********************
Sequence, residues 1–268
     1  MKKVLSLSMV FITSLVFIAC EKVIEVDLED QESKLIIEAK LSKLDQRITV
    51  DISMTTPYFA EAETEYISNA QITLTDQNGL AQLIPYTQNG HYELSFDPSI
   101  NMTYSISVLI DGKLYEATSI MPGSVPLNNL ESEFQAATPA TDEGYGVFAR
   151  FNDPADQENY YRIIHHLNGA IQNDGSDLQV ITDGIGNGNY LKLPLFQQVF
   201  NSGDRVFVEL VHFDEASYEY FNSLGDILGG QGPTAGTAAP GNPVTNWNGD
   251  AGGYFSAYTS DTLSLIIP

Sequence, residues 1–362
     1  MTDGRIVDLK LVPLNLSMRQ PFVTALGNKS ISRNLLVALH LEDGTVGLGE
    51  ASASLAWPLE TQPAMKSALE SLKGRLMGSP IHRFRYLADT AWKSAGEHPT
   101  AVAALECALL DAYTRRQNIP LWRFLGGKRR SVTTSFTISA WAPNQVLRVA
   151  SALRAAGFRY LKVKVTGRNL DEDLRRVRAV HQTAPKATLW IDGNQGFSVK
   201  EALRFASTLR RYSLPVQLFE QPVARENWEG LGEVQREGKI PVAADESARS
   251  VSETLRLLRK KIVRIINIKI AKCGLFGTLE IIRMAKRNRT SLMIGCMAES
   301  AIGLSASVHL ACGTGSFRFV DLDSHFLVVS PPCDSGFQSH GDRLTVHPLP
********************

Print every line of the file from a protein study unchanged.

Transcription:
Sequence, residues 1–268
     1  MKKVLSLSMV FITSLVFIAC EKVIEVDLED QESKLIIEAK LSKLDQRITV
    51  DISMTTPYFA EAETEYISNA QITLTDQNGL AQLIPYTQNG HYELSFDPSI
   101  NMTYSISVLI DGKLYEATSI MPGSVPLNNL ESEFQAATPA TDEGYGVFAR
   151  FNDPADQENY YRIIHHLNGA IQNDGSDLQV ITDGIGNGNY LKLPLFQQVF
   201  NSGDRVFVEL VHFDEASYEY FNSLGDILGG QGPTAGTAAP GNPVTNWNGD
   251  AGGYFSAYTS DTLSLIIP

Sequence, residues 1–362
     1  MTDGRIVDLK LVPLNLSMRQ PFVTALGNKS ISRNLLVALH LEDGTVGLGE
    51  ASASLAWPLE TQPAMKSALE SLKGRLMGSP IHRFRYLADT AWKSAGEHPT
   101  AVAALECALL DAYTRRQNIP LWRFLGGKRR SVTTSFTISA WAPNQVLRVA
   151  SALRAAGFRY LKVKVTGRNL DEDLRRVRAV HQTAPKATLW IDGNQGFSVK
   201  EALRFASTLR RYSLPVQLFE QPVARENWEG LGEVQREGKI PVAADESARS
   251  VSETLRLLRK KIVRIINIKI AKCGLFGTLE IIRMAKRNRT SLMIGCMAES
   301  AIGLSASVHL ACGTGSFRFV DLDSHFLVVS PPCDSGFQSH GDRLTVHPLP